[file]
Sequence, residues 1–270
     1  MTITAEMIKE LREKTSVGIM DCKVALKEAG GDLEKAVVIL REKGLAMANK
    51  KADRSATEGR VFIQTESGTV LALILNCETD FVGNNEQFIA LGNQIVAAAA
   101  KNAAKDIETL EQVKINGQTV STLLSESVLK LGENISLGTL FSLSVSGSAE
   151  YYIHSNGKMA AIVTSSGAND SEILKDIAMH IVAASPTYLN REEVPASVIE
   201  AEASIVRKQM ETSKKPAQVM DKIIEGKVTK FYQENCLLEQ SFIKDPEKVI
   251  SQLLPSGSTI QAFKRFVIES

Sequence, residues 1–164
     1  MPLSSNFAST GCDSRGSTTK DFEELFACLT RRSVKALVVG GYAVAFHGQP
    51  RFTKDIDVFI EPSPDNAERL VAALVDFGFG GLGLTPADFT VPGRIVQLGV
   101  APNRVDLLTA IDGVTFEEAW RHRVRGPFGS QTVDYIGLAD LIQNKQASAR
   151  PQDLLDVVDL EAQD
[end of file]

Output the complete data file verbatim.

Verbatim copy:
Sequence, residues 1–270
     1  MTITAEMIKE LREKTSVGIM DCKVALKEAG GDLEKAVVIL REKGLAMANK
    51  KADRSATEGR VFIQTESGTV LALILNCETD FVGNNEQFIA LGNQIVAAAA
   101  KNAAKDIETL EQVKINGQTV STLLSESVLK LGENISLGTL FSLSVSGSAE
   151  YYIHSNGKMA AIVTSSGAND SEILKDIAMH IVAASPTYLN REEVPASVIE
   201  AEASIVRKQM ETSKKPAQVM DKIIEGKVTK FYQENCLLEQ SFIKDPEKVI
   251  SQLLPSGSTI QAFKRFVIES

Sequence, residues 1–164
     1  MPLSSNFAST GCDSRGSTTK DFEELFACLT RRSVKALVVG GYAVAFHGQP
    51  RFTKDIDVFI EPSPDNAERL VAALVDFGFG GLGLTPADFT VPGRIVQLGV
   101  APNRVDLLTA IDGVTFEEAW RHRVRGPFGS QTVDYIGLAD LIQNKQASAR
   151  PQDLLDVVDL EAQD